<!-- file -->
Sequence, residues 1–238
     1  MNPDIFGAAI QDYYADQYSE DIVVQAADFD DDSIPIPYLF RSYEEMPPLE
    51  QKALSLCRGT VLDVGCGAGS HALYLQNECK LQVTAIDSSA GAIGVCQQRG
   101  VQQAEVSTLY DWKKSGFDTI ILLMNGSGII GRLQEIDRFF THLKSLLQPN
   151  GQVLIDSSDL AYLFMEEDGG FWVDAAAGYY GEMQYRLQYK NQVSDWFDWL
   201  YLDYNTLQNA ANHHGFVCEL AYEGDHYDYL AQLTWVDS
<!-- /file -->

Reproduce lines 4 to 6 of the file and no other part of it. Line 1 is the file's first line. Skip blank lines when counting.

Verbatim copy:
   101  VQQAEVSTLY DWKKSGFDTI ILLMNGSGII GRLQEIDRFF THLKSLLQPN
   151  GQVLIDSSDL AYLFMEEDGG FWVDAAAGYY GEMQYRLQYK NQVSDWFDWL
   201  YLDYNTLQNA ANHHGFVCEL AYEGDHYDYL AQLTWVDS